Cugoano Calls for a Righteous Empire
This extract from the Thoughts and Sentiments comes from towards the end of the book, after Cugoano has argued at length that slavery and Christianity are incompatible. Cugoano's view that the British Empire could become a force opposed to slavery may seem odd now, but it was a widespread opinion in the late eighteenth century, and one which was embraced by the British government during the nineteenth century. However, whether the British government's motives for opposing slavery then were altruistic or self-interested remains a matter for debate.
To put an end to the wickedness of slavery and merchandizing of men, and to prevent murder, extirpation and dissolution, is what every righteous nation ought to seek after; and to endeavour to diffuse knowledge and instruction to all the heathen nations wherever they can, is the grand duty of all Christian men. But while the horrible traffic of slavery is admitted and practiced, there can be but little hope of any good proposals meeting with success anywhere; for the abandoned carriers of it on have spread the poison of their iniquity wherever they come, at home and abroad. Were the iniquitous laws in support of it, and the whole of that oppression and injustice abolished, and the righteous laws of Christianity, equity, justice and humanity established in the room thereof, multitudes of nations would flock to the standard of truth, and instead of revolting away, they would count it their greatest happiness to be under the protection and jurisdiction of a righteous government. And in that respect, in the multitude of the people is the King's honour; but in the want of people, is the destruction of the Prince.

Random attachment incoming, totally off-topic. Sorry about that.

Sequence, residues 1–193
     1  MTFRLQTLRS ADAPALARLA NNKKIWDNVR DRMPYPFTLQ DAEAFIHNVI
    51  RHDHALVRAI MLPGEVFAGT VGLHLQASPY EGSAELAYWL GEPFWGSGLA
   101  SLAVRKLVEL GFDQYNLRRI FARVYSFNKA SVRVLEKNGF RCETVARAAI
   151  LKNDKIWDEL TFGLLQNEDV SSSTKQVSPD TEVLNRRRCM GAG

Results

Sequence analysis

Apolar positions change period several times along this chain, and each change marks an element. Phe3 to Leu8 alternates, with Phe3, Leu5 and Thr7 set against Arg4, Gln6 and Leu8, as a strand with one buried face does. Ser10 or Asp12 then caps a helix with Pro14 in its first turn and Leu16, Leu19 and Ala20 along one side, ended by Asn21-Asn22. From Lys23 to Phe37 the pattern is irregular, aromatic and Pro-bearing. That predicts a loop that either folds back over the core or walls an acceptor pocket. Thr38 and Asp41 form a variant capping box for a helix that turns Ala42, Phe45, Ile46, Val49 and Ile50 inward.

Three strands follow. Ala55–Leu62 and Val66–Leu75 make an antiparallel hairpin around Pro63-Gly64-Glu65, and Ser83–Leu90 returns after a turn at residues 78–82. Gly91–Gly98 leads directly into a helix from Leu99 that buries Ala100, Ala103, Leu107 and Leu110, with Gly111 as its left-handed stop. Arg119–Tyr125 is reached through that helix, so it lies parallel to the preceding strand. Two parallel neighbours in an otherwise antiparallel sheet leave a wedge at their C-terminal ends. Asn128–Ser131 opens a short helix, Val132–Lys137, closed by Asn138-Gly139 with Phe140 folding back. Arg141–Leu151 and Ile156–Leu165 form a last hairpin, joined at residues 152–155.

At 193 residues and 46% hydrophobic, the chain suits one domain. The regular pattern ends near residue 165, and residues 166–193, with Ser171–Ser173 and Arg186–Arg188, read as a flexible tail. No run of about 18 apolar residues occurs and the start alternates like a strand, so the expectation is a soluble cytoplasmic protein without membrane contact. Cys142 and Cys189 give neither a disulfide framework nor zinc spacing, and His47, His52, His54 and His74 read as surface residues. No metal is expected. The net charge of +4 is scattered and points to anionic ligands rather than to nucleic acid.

We would wish to have the grandeur and fame of the British empire to extend far and wide; and the glory and honor of God to be promoted by it, and the interest of Christianity set forth among all the nations wherever its influence and power can extend; but not to be supported by the insidious pirates, depredators, murderers and slave-holders. And as it might diffuse knowledge and instruction to others, that it might receive a tribute of reward from all its territories, forts and garrisons, without being oppressive to any. But contrary to this the wickedness of many of the White People who keep slaves, and contrary to all the laws and duties of Christianity which the scriptures teach, they have in general endeavoured to keep the Black People in total ignorance as much as they can, which must be a great dishonor to any Christian government, and injurious to the safety and happiness of rulers.
This extract taken from Thoughts and Sentiments on the Evil of Slavery, ed. Vincent Carretta (London and New York: Penguin, 1999), pp. 107-108.